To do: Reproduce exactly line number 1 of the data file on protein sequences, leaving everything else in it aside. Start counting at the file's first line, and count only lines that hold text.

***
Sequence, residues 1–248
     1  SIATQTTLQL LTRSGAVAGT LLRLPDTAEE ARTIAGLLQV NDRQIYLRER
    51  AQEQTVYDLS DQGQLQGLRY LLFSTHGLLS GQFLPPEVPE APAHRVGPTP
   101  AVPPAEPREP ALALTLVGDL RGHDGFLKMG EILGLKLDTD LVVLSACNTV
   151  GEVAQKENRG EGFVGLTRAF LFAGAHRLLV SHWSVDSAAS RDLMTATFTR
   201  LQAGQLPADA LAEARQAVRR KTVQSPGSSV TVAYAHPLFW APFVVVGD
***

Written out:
Sequence, residues 1–248